Quirky is certainly one way to describe Chris Baio’s Man of the World, his second released under the name Baio. You’ve likely heard him previously playing bass and providing background vocals for Vampire Weekend, of which he’s a founding member.
Baio (yes, a cousin of ‘80s heartthrob Scott Baio) was born in Brooklyn, but now calls London home. He says Man of the World primarily addresses the two high-profile events that rocked his original home and his new one: the Brexit vote and the election of Donald Trump.
“In early September, when the spectre of a Trump presidency seemed like a real possibility, I found that the only way I could give my mind a break from that scary prospect was to work on music,” Baio said. “The songs I began to write were an attempt to understand how the world had gotten to a place I found so shocking.”
That theme of fear and confusion is evident from the outset with album-opener “Vin Mariani,” a throwback to the mid-1800s drink that consisted of mixing red wine and cocaine. Popular in its era, time has cast a different view on the concoction. Baio seems to suggest the same eventual fate for actions and beliefs held by some today. “Learning to live with a decision/ When itʼs not the one I wouldʼve made/ Learning to live with a decision/ When the consequence is rather grave,” he sings before the song ends with a rapidly-increasing beat, intentionally creating tension that resonates throughout the rest of the album.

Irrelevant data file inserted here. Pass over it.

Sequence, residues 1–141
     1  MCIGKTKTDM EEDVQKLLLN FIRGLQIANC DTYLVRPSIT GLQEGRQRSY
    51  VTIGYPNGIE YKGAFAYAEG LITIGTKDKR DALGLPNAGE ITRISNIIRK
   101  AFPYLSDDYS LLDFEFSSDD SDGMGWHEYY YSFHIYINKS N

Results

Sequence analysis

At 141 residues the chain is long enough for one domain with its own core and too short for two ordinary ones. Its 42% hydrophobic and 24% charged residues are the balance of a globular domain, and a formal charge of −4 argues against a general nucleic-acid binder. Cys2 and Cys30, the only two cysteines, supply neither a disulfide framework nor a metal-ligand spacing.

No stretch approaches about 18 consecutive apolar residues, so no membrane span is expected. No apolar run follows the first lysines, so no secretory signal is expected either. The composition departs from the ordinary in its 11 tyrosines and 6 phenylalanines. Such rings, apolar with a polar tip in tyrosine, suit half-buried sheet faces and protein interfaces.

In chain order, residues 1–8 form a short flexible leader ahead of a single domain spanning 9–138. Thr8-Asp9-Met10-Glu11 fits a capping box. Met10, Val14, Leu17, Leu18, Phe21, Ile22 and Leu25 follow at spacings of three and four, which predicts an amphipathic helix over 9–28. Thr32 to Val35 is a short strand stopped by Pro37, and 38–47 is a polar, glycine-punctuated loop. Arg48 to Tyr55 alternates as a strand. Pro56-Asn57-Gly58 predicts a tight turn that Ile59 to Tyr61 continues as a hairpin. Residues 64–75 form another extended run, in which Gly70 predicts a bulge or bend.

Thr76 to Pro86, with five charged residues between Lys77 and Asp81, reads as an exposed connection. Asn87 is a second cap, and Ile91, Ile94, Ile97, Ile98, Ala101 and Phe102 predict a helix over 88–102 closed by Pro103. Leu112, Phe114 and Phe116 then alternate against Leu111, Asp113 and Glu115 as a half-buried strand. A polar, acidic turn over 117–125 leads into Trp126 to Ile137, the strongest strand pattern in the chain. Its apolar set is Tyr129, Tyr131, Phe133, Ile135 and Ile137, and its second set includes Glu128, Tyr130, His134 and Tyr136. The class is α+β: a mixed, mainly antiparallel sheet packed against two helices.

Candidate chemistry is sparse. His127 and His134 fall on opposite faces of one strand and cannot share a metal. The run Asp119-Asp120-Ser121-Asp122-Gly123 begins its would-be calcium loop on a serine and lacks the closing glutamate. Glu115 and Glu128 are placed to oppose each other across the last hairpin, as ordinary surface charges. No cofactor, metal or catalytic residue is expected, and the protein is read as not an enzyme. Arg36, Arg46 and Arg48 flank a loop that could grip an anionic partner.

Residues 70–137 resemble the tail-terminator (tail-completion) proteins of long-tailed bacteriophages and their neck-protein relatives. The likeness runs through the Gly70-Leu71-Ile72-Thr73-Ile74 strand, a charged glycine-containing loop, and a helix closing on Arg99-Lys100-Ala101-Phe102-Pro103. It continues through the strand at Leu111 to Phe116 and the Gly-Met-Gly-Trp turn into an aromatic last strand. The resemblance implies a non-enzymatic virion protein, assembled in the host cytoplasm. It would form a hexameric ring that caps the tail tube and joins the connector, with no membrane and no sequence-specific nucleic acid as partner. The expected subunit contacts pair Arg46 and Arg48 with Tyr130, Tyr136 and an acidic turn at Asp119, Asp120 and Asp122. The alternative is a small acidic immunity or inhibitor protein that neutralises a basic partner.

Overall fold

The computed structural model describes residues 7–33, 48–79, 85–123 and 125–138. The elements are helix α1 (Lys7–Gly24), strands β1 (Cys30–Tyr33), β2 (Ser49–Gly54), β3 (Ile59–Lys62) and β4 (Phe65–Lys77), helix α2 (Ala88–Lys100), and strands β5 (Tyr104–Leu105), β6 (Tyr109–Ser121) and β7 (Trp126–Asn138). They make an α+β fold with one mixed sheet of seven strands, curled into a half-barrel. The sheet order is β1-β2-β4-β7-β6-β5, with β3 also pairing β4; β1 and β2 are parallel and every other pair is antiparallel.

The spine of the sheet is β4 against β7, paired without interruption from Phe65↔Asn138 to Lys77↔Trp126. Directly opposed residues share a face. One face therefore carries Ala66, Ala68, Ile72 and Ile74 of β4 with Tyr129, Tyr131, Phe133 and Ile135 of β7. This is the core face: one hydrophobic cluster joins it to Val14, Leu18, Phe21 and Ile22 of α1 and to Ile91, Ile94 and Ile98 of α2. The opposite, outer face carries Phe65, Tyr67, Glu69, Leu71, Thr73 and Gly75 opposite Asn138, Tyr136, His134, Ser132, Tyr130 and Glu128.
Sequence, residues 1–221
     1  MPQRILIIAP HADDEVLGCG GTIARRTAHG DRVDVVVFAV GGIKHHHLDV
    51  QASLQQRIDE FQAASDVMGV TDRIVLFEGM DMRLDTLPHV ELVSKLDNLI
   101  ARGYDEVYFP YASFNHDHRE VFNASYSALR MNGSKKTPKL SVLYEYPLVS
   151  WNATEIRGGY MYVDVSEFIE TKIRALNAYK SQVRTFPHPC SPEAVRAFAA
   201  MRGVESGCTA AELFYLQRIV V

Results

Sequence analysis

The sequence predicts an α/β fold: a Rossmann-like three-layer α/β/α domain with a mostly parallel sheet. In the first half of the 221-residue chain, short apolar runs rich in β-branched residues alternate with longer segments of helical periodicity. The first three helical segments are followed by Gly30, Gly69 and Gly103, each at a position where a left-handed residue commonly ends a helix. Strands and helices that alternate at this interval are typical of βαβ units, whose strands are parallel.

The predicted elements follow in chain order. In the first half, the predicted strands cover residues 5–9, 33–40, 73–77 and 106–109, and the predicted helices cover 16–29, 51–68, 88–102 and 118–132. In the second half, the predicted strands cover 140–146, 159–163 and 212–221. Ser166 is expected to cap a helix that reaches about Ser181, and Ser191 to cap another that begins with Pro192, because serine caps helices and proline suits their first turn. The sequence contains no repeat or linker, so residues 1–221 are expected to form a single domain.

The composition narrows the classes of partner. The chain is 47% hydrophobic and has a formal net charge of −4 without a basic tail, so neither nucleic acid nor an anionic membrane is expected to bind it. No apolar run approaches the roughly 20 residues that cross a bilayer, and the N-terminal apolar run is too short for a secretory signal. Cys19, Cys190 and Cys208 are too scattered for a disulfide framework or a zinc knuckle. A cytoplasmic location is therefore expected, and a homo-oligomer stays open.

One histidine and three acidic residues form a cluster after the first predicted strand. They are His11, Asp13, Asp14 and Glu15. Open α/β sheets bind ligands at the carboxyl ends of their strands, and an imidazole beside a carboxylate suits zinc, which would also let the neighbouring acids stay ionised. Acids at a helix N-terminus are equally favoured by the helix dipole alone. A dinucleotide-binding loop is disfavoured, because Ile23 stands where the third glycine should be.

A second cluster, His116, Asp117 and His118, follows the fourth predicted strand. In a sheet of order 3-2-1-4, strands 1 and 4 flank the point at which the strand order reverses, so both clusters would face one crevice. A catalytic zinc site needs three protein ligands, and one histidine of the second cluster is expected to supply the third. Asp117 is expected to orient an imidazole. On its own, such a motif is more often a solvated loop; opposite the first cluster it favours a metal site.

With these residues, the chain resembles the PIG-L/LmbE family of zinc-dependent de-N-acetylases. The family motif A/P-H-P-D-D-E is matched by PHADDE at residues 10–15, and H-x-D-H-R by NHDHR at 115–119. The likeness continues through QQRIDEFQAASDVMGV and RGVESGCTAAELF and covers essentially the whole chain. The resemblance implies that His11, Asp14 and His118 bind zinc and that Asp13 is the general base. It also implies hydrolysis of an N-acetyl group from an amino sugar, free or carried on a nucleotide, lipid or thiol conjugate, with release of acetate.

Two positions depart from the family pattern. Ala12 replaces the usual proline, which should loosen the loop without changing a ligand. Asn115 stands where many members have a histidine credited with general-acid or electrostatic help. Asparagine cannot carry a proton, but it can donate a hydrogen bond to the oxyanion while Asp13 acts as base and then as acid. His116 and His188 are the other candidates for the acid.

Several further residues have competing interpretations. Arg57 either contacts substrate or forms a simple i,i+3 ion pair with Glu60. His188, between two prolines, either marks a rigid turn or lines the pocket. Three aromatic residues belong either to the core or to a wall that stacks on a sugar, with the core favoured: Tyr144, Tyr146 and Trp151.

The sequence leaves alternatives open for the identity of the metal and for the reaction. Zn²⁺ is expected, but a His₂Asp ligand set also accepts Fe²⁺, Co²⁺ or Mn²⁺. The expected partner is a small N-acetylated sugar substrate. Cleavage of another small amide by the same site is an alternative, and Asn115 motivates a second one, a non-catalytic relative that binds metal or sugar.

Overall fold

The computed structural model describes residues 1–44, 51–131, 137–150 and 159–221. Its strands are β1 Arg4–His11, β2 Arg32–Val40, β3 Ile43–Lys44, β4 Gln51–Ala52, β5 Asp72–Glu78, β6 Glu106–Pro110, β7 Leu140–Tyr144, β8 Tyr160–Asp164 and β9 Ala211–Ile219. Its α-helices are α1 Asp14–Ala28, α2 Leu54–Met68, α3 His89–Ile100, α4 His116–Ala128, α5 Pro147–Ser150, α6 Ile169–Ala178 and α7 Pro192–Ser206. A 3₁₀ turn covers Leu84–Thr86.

Baio’s stress about current events is especially palpable on “Dangeroue Anamal.” With synth notes that sound like sirens and moments that harken back to Massive Attack’s “Teardrop,” the song builds slowly, not unlike a horror movie. Lyrics like “Try as I may I canʼt quite seem to change my life” point to Baio’s fight to do what he thinks is right, while being complicit in other activities he knows are wrong.
Only a few songs bear any resemblance to Baio’s primary project, Vampire Weekend: “The Key Is Under the Mat,” which features a near-constant frenetic bass line and distinct Vampire Weekend-esque sounds, as well as “Sensitive Guy.”
Part electro pop, part indie rock, Baio’s second album is an acquired taste. However, once you start liking it, there is no going back. It may also be a cathartic tool for those like Baio, who are still struggling to understand the decisions and beliefs of others that have led to significant policy changes here in the U.S. and abroad.